Carter’s Comic Corner XIV: The Curious Case of the X-Men Movies

x-men-characters
Image via designntrend.com

Unfortunately, I didn’t have time to see “Deadpool” this weekend, so I can’t really talk about the film in depth. However, it does allow for endless conversation regarding its mere existence. In development hell for almost a decade, the R-rated comedy about a cult-joke character has somehow become the 8th film in the X-Men franchise. And looking back at that 16 year history, it is simply unbelievable that this film is allowed to exist among the other films. The X-Men franchise is an utterly fascinating study, looking at how the series has lumbered on through the ever-changing superhero landscape.

When it was released in 2000, X-Men was something of a renaissance. The last major comic book film to come out was “Batman and Robin,” the infamous disaster that scared off Hollywood from the entire genre. But with Bryan Singer’s taking on one of Marvel’s iconic teams, a new era was approaching. Soon, Sam Raimi’s “Spider-Man” and “Blade” would revive the superhero film franchise. So is it weird that looking back on it, X-Men isn’t that great? Yes, it handled the Civil War metaphor with class; and Hugh Jackman, Patrick Stewart and Ian Mckellen were wonderful. But it was colorless, the action was bland, it was doing a poor Matrix impersonation and it seemed utterly ashamed of its comic book origins. But given the backlash toward “Batman and Robin,” having something decent was a revelation. And “X2” showed incremental improvement and the potential to dive more into the mythos, so it has routinely been praised as one of the great comic book films (it isn’t). Then things came crashing down with the death nails of “X Men: The Last Stand” and “X Men: Origins.” However, looking back, it is strange such a long-lasting franchise was built on such a wobbly base.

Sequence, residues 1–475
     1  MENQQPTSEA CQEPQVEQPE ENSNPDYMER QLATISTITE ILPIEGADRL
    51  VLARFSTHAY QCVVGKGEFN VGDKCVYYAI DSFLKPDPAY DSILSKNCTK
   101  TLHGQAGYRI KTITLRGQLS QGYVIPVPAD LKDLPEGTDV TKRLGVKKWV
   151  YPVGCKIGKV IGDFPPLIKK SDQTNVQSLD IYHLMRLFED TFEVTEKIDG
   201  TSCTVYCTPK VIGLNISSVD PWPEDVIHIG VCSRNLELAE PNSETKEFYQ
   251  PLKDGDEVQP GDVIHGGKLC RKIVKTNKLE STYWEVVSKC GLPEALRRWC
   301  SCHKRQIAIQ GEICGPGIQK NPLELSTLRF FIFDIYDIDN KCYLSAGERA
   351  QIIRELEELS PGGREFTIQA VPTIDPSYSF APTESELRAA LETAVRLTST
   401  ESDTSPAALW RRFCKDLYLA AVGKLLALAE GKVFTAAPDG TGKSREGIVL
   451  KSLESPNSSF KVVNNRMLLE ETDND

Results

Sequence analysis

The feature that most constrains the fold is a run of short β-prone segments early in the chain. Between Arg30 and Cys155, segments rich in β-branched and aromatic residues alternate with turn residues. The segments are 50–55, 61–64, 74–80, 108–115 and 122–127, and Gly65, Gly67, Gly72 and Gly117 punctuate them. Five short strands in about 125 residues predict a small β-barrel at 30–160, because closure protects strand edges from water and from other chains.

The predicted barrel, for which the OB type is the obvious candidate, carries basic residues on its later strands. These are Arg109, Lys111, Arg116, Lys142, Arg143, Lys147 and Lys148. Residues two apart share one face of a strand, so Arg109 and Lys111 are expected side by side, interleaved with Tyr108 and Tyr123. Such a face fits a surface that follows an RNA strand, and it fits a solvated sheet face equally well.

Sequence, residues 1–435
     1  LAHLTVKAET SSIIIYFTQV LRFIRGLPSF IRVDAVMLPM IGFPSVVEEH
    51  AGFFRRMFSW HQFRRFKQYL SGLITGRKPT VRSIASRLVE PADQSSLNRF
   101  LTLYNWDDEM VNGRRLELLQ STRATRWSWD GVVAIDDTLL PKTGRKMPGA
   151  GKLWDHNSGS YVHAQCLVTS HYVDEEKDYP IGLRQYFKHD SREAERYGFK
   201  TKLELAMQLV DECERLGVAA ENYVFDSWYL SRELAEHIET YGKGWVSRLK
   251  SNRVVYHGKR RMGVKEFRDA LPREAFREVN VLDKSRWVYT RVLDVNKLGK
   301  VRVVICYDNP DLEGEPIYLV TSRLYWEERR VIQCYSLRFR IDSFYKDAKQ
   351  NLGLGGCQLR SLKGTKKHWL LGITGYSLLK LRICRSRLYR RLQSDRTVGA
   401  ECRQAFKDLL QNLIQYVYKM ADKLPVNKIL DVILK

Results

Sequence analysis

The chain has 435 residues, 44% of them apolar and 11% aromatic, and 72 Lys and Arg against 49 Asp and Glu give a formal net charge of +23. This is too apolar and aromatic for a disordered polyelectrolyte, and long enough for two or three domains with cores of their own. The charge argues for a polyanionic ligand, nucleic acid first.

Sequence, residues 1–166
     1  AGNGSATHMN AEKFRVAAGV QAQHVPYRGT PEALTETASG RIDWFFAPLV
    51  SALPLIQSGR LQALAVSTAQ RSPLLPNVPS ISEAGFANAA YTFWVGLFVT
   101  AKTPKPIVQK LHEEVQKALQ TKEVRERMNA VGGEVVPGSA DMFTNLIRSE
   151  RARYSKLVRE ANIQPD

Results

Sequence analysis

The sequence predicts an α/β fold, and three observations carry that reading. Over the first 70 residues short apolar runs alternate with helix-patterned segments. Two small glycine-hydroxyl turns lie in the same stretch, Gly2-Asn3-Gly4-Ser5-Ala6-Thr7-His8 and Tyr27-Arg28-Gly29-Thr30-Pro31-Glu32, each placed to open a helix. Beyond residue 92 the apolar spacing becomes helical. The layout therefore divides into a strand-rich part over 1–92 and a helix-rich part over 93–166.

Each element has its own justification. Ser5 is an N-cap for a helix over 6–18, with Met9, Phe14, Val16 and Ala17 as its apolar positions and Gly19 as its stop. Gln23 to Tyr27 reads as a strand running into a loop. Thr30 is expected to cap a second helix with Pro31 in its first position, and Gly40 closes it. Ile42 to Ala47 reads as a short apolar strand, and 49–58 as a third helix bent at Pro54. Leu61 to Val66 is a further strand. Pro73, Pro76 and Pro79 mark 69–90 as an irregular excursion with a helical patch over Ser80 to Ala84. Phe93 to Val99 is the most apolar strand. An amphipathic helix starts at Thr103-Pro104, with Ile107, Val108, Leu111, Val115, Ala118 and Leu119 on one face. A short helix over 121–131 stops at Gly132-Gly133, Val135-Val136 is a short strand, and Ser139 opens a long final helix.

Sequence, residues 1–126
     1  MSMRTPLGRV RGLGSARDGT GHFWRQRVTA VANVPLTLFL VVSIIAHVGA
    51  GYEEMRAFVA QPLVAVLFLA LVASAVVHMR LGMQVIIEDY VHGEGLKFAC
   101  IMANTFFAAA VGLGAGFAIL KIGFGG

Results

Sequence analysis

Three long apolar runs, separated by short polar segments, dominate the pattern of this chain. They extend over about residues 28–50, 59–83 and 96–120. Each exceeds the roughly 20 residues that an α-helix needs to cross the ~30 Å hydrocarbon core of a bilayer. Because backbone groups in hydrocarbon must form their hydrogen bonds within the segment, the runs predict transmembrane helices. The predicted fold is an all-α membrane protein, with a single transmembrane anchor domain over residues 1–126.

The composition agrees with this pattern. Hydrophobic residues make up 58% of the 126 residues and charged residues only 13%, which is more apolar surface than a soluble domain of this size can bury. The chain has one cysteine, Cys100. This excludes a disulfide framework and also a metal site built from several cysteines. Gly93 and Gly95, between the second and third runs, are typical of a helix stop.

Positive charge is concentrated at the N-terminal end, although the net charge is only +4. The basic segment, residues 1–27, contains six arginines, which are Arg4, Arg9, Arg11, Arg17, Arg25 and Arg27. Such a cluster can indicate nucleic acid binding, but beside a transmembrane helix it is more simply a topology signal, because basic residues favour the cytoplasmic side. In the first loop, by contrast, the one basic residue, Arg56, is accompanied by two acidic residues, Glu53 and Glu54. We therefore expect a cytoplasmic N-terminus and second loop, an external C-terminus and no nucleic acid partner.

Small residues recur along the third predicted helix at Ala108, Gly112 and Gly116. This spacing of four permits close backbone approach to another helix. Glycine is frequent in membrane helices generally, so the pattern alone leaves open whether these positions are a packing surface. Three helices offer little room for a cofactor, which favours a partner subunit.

Above all, it is strange how small the series seems to think. Yes, X-Men restarted the superhero genre, but we are in a new era. In the age of the Avengers and “Batman v Superman,” where characters and outlandish ideas can seem to leap off the page, the mutant franchise seems quaintly behind. In the comics, the X-Men have faced aliens, dinosaurs, cults and all sorts of strange enemies.  Who have they fought in the movies? Mutants. More Mutants. Some Robots. People. While there’s something to be said about keeping the fights personal, the fact that  it took until films 7 and 9 to see “Days of Futures Past” and “Apocalypse” is stunning. It feels like the writers and creative minds are holding themselves back, not wanting to dive head-first into the weird, creative world of the X-Men. Maybe it is because they still believe that “X1” and “X2” are the standards to which they must be held, but in a world where the Avengers have assembled, it’s time to evolve or die.

The series had an opportunity to change course with the semi-reboot “X Men: First Class.” It was colorful, it had imaginative action with a big cast of characters, it was humorous, and above all it felt fresh. Director Matthew Vaughn looked to usher in a new era of X-Men films, until he left and was replaced by Bryan Singer, who tried to bend everything back into his vision of the X-Men. Granted, “Days of Future Past” was a big improvement from his earlier work, showing a little more of the outlandish potential of the mutants. But at the same time, a lot of the color was drained, Wolverine was the center again, and the new characters from “First Class” were conveniently killed off-screen.

The X-Men are too big a piece of the Marvel Universe not to be used to their full potential, something I fear the current creative team isn’t capable of. My big hope is that Deadpool’s massive box office take in will be a flashing light to Fox that people want weird, they want strange, they want colorful. Hopefully, this is message that after 16 years, it’s time to stop being ashamed of comic books, realize that the Matrix’s mopey, humorless style isn’t the end-all of film, and finally embrace what makes the X-Men special. After all, isn’t accepting what makes you unique the point of the series?

Carter Glace is a staff writer for Washignton Square News.

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